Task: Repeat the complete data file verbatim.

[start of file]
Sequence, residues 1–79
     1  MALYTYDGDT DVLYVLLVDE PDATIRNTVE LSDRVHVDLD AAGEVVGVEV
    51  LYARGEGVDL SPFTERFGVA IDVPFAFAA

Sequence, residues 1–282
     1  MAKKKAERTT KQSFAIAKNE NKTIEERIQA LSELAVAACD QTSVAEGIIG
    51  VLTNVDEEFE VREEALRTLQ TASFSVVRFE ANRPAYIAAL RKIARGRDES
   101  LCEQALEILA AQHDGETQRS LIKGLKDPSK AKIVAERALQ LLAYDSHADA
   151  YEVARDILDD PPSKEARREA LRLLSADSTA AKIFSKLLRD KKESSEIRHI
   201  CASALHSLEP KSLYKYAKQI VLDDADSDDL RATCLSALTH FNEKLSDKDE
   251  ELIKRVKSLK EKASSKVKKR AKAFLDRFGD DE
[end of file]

Sequence, residues 1–79
     1  MALYTYDGDT DVLYVLLVDE PDATIRNTVE LSDRVHVDLD AAGEVVGVEV
    51  LYARGEGVDL SPFTERFGVA IDVPFAFAA

Sequence, residues 1–282
     1  MAKKKAERTT KQSFAIAKNE NKTIEERIQA LSELAVAACD QTSVAEGIIG
    51  VLTNVDEEFE VREEALRTLQ TASFSVVRFE ANRPAYIAAL RKIARGRDES
   101  LCEQALEILA AQHDGETQRS LIKGLKDPSK AKIVAERALQ LLAYDSHADA
   151  YEVARDILDD PPSKEARREA LRLLSADSTA AKIFSKLLRD KKESSEIRHI
   201  CASALHSLEP KSLYKYAKQI VLDDADSDDL RATCLSALTH FNEKLSDKDE
   251  ELIKRVKSLK EKASSKVKKR AKAFLDRFGD DE